Beginning with Bollywood

Reconnecting with my culture through Bollywood music

When I was three years old, I got my ears pierced. I remember it hurting a little, but I think it was just the shock that made me burst into tears. I cried quite a bit, much to my piercer’s annoyance, and apparently caused quite the scene at Claire’s. However, less than five minutes later, I sat happily in the car, singing along to my parents’ favorite Bollywood CD, tears long forgotten.

A couple of years before I was born, my parents had 17 songs burned onto a CD. They were the full soundtracks for two Bollywood movies — “Lagaan” and “Dil Chahta Hai.” We listened to the CD often in the car until I was three or four years old, which was when we bought an iPod and began listening to other music.

An illustration of a CD | Graphic by Sophia Ma

Buried under 13 years of memories, I completely forgot about that part of my life — ear piercing, car rides and music — until recently.

This past summer, my parents and I attended my second cousin’s Indian wedding, which took place in Napa. On the first night of the wedding, there was a party — everyone, tired of being stuck in their homes for more than a year, clearly had a lot to get out of their system. In the midst of all the chaos, a song played that I distinctly recognized, but couldn’t name.

“Your dad really likes this song, doesn’t he?!” My cousin yelled over the music. 

Yeah, I thought. But where do I know the song from? 

The immense nostalgia I felt at that moment was overwhelming. The dance floor was sticky, the air around me was thick and suffocating, bright colored clothing flashed around me and bass shook the room, but the only thing I could focus on was that I couldn’t remember a thing about how I knew the song, just that I knew it well enough to sing along without missing a word. 

Turns out, the song, “Koi Kahe Kehta Rahe,” was one of the songs on that CD from so many years ago. The first thing I did after getting home from Napa was listen to the full soundtracks for both movies and add them to a Bollywood playlist which I had created at the beginning of summer. 

That playlist is now my go-to when I need something to pick me up, but more than that, it has given me the opportunity to reconnect with so many aspects of my culture which I had previously shunned due to internalized racism. 

When I was younger, I hated the fact that my skin was brown. I didn’t like my name, I didn’t like wearing Indian clothes and convinced myself that I didn’t like Indian food when in actuality I did. I don’t entirely remember what factors contributed to the development of this mindset, but I imagine it was a combination of several things — seeing characters who looked like me being portrayed as racist caricatures in movies and the “popular” Indian kids at school distancing themselves from their heritage.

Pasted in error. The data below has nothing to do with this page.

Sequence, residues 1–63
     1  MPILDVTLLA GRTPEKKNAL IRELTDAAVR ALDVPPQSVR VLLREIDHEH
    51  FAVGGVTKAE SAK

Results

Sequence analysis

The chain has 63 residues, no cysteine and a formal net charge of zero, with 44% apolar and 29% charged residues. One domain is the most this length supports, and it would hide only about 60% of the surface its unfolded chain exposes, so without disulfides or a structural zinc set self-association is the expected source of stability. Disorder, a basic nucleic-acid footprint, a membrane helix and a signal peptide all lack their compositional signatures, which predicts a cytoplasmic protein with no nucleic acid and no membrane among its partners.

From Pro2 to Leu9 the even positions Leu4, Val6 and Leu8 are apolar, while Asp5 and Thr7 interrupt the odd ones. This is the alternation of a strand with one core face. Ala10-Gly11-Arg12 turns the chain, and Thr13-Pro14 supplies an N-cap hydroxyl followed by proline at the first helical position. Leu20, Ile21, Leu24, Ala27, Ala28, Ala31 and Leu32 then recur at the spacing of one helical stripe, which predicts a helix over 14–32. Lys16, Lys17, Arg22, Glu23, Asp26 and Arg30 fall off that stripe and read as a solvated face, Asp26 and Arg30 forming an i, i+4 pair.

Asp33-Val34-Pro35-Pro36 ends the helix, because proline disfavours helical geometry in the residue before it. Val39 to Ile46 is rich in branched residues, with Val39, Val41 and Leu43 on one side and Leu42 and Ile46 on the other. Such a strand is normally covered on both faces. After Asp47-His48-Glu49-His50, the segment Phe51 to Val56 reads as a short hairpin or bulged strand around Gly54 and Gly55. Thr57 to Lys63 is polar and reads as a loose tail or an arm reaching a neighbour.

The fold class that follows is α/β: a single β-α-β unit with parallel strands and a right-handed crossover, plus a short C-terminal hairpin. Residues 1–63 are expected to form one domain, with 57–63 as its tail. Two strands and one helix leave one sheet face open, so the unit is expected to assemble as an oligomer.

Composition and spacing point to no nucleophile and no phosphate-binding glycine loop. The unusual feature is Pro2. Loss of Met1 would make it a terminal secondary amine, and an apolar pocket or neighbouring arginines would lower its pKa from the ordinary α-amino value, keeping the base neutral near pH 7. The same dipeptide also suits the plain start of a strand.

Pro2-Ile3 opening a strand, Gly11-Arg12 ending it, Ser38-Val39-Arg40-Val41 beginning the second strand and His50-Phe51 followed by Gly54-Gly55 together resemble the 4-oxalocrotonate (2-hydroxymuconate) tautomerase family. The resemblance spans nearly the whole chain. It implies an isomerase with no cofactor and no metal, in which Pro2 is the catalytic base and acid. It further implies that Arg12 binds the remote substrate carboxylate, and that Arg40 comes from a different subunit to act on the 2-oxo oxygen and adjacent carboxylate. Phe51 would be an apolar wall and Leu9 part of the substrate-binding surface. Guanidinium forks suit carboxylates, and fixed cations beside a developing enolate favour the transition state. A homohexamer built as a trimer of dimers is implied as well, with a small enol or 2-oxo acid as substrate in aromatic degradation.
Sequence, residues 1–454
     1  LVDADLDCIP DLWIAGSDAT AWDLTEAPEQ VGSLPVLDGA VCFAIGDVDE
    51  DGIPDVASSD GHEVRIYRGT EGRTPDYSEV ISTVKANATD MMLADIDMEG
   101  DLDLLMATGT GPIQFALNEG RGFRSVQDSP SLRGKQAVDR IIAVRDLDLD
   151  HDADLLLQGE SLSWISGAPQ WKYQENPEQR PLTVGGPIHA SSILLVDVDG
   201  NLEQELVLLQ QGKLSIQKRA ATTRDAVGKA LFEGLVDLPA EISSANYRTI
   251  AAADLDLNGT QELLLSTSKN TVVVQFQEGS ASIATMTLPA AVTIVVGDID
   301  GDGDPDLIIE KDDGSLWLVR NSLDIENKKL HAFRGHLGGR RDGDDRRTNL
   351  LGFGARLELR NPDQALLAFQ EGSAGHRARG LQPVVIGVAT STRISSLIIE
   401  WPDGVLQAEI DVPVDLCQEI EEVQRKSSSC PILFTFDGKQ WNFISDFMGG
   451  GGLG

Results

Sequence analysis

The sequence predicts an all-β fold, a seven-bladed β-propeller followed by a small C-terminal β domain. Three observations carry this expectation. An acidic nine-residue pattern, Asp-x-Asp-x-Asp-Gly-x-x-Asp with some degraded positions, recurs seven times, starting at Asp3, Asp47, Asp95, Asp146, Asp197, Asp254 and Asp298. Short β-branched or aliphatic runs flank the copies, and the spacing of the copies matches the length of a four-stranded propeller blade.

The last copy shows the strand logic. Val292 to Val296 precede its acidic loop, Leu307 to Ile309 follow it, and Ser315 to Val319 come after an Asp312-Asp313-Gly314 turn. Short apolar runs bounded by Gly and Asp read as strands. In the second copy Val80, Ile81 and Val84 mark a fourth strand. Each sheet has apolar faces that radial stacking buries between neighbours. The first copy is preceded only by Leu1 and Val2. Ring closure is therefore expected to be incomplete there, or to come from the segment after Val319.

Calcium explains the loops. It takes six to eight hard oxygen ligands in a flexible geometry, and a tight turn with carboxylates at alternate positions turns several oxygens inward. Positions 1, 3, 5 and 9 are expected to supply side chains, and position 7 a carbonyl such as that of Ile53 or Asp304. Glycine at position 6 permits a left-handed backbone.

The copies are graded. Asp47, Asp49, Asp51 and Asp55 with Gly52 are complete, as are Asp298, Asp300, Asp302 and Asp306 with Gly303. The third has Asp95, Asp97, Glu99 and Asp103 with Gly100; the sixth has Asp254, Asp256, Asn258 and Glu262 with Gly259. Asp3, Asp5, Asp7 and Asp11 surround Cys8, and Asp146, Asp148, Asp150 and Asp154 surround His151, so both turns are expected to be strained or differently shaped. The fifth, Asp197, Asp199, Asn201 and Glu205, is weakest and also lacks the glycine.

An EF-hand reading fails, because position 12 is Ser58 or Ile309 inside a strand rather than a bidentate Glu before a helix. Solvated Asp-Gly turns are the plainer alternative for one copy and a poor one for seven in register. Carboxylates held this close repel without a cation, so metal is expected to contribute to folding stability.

In addition, I simply didn’t enjoy speaking in Hindi or learning how to read and write in it because I saw it as an unnecessary chore, so once I began attending elementary school, I completely forgot how. However, I’ve discovered that by connecting something I love — music — with my efforts to relearn my culture, I started having fun with it, which encouraged me to pursue relearning the language.

Illustration of a woman wearing a saree, a traditional Indian outfit | Graphic by Kripa Mayureshwar

I began to exclusively speak Hindi to my parents at home, just so I would get more opportunities to practice. I paid attention to song lyrics, Googled words I didn’t know or asked my parents what they meant when I didn’t understand. I’ve been making an effort to call my grandparents more so I can practice speaking Hindi with them, which has also given me the added benefit of being more connected with them. I even started watching Indian news channels to further increase my understanding of the language and culture.

After actively fighting my heritage for years, I’m finally starting to undo the damage that my internalized values caused — and all it took was one Bollywood song. It’s an ongoing process, one that I don’t think will be easy, but one that I’m willing to put in the effort for.

As school gets more intense and I get busier, I don’t know how much time I’ll be able to devote to learning a language that I’m not getting a grade for. But I will continue casually speaking to my parents in Hindi, calling my grandparents more often and listening to my new favorite Bollywood playlist. At the end of the day, Bollywood will always hold a special place in my heart for the second chance that it gave me.